How does the function of the bicuspid and tricuspid valves differ from the semilunar valves?

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The bicuspid valve, also known as the mitral valve and the tricuspid valve, guard the atrioventricular openings between the upper (atria) and the lower (ventricles) chambers of the heart, and are therefore referred to as the atrioventricular valves.

The mitral valve, made up of two flaps, guards the opening between the left atrium and the left ventricle, while the tricuspid valve, made up of three irregularly shaped flaps, guards the opening between the right atrium and the right ventricle.

The pulmonary and the aortic valves make up the semilunar valves. The pulmonary valve, made up of two leaflets, guards the opening between the pulmonary artery and the right ventricle, while the aortic valve, made up of three leaflets, guards the opening between the left ventricle and the aorta.

When the atria contract, the atrioventricular valves (the bicuspid and the tricuspid valves) allow blood to flow through them into the ventricles, but when the ventricles contract, the atrioventricular valves close to prevent blood from flowing backwards into the atria. The valves have been equipped with papillary muscles and tendinous chords of dense tissue called chodae tendineae, which ensure that these valves are firmly closed when the ventricles contract.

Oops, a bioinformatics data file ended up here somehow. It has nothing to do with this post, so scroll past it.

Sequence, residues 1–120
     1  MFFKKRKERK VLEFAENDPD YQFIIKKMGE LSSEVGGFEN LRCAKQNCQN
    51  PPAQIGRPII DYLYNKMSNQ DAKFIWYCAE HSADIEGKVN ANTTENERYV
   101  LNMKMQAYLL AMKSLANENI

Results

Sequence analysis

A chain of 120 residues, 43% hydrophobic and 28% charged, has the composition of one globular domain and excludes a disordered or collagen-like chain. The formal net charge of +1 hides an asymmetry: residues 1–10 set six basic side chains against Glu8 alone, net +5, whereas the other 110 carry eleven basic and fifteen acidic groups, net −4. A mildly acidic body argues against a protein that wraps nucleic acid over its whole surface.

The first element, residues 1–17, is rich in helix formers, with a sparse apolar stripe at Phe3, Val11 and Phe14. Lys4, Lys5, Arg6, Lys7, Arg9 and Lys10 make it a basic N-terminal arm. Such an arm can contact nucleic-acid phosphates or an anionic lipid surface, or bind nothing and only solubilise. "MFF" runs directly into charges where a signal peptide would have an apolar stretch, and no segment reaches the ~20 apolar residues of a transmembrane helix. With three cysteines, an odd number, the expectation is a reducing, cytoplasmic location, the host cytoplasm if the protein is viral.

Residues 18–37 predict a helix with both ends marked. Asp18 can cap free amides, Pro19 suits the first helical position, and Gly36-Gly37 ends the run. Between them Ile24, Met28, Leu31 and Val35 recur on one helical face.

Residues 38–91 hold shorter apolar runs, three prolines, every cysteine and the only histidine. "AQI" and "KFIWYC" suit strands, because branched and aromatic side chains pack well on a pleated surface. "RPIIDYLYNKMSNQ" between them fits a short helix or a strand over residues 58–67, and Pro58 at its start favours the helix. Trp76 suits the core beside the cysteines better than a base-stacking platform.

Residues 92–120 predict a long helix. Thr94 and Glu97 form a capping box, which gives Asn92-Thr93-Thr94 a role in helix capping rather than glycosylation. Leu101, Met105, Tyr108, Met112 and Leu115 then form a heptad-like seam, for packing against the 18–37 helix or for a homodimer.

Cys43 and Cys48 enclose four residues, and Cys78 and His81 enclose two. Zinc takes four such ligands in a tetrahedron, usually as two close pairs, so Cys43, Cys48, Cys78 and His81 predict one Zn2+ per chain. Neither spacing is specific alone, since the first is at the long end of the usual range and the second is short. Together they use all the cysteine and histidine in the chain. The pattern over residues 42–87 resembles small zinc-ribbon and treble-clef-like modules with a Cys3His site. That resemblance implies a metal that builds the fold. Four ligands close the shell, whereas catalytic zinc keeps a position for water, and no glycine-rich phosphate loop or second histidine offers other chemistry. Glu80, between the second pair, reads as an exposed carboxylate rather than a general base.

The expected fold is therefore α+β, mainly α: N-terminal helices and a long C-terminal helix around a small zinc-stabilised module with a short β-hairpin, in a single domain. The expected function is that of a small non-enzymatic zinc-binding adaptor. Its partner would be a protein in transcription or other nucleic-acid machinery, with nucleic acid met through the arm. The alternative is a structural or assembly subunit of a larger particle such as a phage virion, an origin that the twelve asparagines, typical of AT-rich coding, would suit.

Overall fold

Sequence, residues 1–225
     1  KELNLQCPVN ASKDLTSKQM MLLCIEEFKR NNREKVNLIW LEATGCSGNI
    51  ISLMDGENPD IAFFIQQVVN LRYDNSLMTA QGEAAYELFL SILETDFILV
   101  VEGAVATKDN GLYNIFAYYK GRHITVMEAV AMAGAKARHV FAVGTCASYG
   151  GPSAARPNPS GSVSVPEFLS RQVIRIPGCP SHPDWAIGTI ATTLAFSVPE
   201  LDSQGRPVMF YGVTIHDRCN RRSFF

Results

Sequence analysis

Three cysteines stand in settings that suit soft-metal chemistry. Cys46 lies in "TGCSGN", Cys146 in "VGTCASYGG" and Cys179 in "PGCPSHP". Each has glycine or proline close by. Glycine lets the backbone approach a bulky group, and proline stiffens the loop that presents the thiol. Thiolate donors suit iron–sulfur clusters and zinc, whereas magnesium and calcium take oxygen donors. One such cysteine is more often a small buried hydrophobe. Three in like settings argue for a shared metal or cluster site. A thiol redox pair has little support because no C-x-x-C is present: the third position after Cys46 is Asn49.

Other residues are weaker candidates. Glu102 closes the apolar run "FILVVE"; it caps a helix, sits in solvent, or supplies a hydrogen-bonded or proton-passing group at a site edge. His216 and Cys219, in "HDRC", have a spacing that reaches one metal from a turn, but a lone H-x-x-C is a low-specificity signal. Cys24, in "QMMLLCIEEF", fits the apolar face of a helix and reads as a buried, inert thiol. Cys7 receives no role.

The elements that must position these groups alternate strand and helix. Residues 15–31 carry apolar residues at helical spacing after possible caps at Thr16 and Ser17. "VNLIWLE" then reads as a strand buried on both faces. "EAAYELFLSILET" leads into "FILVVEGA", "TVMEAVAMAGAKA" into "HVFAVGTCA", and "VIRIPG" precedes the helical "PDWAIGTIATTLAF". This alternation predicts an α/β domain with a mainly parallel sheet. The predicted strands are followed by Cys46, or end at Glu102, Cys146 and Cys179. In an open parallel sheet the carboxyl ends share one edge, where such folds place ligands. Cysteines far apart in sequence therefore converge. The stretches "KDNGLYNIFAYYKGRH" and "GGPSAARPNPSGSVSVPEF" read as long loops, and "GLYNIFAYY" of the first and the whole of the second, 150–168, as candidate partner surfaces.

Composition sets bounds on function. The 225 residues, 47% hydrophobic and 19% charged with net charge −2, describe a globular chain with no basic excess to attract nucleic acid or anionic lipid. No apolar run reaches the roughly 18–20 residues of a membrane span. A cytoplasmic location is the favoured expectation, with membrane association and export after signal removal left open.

The semilunar valves open to allow blood to flow through them when the ventricles contract to propel blood into the aorta and the pulmonary artery but prevent the backward flow of blood into the ventricles. The leaflike structures making up the semilunar valves are similar to those of the atrioventricular valves, but they are thinner than those of the atrioventricular valves and they do not have chodae tendineae. The first heart sound is associated with the closure of the atrioventricular valves, while the second heart sound is associated with the closure of the semilunar valves.

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